Intersex competitors, like Caster Semenya, pose a different ethical problem. Continue reading
Woody Allen in “Manhattan” with a 16-year-old Mariel Hemingway (playing a 17-year-old)
To be clear, I haven’t read Woody Allen’s autobiography, “Apropos of Nothing,” and I won’t. I found myself unable to endure anything related to Allen after he married his own quasi-daughter following a sexual affair with her while they were both living with Mia Farrow, Allen as her supposed lover and domestic partner, Sun-Yi Previn as her adopted child. While I maintain that the works of artists should be kept separate from the character flaws and misdeeds of their creators, that’s an intellectual and ethical position, not an emotional and gastrointestinal one. The latter are non-ethical considerations, but that doesn’t mean I can ignore them.
If I were a professional book reviewer, however, I would be forced to put my revulsion aside, or refuse the assignment of rendering a verdict on “Apropos of Nothing.” It is undeniable that the New York Times book reviewer, Dwight Garner, couldn’t or wouldn’t do that. To be fair, the Times no longer enforces the core journalism ethics principle that journalists shouldn’t allow personal biases to infect their reporting, but that is an explanation, not a defense. Some observations: Continue reading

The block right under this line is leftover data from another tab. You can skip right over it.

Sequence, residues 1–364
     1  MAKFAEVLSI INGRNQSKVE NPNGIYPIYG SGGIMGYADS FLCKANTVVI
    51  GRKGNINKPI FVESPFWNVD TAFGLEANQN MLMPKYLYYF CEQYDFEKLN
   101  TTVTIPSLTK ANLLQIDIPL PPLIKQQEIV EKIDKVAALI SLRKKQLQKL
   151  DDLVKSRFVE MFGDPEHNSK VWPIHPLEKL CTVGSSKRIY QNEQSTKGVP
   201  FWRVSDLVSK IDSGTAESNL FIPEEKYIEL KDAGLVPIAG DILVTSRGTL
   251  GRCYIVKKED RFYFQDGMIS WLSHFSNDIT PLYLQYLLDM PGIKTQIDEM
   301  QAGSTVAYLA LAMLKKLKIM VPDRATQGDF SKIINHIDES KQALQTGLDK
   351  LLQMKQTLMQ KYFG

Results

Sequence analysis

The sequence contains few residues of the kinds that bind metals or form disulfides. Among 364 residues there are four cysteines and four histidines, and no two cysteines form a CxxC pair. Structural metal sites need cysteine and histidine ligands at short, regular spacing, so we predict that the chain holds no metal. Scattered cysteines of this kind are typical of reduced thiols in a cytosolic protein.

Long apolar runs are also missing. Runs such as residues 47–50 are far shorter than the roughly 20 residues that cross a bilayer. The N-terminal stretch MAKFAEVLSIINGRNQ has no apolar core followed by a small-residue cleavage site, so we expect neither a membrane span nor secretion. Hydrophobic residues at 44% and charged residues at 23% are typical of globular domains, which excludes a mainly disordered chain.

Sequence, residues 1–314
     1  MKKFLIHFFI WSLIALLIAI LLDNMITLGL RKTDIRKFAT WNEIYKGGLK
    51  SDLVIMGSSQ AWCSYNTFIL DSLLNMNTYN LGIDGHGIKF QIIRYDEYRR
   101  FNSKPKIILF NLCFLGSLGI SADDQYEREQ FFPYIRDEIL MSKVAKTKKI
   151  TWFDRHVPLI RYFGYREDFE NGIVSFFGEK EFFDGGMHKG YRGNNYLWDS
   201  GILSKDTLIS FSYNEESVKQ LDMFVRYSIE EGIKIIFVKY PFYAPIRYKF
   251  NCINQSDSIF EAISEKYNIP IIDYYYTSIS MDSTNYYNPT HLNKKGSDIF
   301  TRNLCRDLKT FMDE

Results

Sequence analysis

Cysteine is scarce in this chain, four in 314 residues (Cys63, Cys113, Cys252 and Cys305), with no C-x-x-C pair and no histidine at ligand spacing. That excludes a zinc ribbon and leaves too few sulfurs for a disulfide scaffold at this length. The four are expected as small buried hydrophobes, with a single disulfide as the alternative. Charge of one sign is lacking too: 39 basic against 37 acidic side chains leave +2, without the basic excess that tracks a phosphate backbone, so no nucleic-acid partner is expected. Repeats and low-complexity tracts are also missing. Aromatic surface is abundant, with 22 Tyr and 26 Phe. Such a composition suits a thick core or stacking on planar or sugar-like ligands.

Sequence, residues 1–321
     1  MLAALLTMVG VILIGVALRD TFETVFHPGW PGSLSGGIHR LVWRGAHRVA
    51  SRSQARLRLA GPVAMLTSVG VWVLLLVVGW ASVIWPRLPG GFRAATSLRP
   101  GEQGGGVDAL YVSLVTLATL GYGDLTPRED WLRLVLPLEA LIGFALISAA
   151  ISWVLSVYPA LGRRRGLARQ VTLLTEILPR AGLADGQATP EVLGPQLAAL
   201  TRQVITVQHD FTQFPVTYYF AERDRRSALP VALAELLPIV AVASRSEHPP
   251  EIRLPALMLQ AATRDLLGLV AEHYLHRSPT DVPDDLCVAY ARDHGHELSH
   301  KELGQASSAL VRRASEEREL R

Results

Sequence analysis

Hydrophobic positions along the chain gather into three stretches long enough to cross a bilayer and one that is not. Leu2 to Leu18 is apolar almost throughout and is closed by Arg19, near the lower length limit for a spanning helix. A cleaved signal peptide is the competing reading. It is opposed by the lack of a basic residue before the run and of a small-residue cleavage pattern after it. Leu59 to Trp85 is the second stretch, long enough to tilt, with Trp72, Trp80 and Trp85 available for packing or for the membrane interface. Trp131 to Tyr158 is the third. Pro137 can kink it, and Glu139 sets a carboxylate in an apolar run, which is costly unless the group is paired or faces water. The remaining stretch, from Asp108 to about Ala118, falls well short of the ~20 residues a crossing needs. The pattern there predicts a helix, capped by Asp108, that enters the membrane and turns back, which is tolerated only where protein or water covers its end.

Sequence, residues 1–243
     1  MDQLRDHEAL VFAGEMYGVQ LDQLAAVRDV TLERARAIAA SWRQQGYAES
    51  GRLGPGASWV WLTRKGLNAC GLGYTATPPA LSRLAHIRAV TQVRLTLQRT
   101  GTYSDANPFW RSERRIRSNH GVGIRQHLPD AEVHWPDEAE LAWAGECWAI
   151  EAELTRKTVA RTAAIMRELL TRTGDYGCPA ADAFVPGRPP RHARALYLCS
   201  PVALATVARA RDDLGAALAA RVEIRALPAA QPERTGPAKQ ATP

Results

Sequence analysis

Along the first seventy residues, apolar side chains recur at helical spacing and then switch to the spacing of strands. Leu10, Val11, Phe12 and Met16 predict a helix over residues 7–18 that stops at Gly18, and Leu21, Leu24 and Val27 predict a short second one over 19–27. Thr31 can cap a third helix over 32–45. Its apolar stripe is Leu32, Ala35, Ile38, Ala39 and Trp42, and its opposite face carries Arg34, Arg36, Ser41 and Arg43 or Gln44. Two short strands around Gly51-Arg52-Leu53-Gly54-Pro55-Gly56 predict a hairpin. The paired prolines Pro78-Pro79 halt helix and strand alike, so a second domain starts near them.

Cut it out, you two! A medical ethicist says you’re being unethical!
TIME magazine has a feature up called, “‘Is Ordering Takeout Unethical?’ A Medical Ethicist Answers Some of the Most Common Moral Questions Around Coronavirus.” Yes, res ipsa loquitur: the article is almost as absurd as the title. Moral questions are not ethics questions, you dolts. How could ordering take-out be unethical? Why would you ask a medical ethicist about ordering food? With all the real medical ethics questions facing the country, that’s what TIME thinks is most important question? Why would a medical ethicist agree to be involved in such idiocy? Continue reading
Mollie Hemingway, editor at the National Review, had an admirably understated reaction to this tweet from Mrs. Clinton, saying, “Fully acknowledge I’m biased here, but my advice would be that if your politics are giving the impression that you’re rooting against your fellow Americans and for a deadly virus attacking them, you might want to reassess.”
My observations are not quite as understated:
- What an asshole! But we knew that. By “me” I mean everyone who has observed this awful, awful human being’s behavior and statements since at least 1992.
- The actual form of assholery that the spectacularly failed aspiring first female President models here is not a variety examined in the post referenced in the title above, but in this post, item #4, in which I noted, “You can mark down any pundit (or Facebook friend) who gloats about the official U.S. tally of Wuhan virus cases making it the most infected nation in the world as fitting neatly into the topic of this recent post.” She’s not a pundit, of course (nor my Facebook friend, thank god); she is, by about 20 laps, the most ungracious, unethical, whiny, nasty, divisive and pathetic losing political candidate for national office in American political history…and she just happens to be the only woman to be on the ballot for President. Continue reading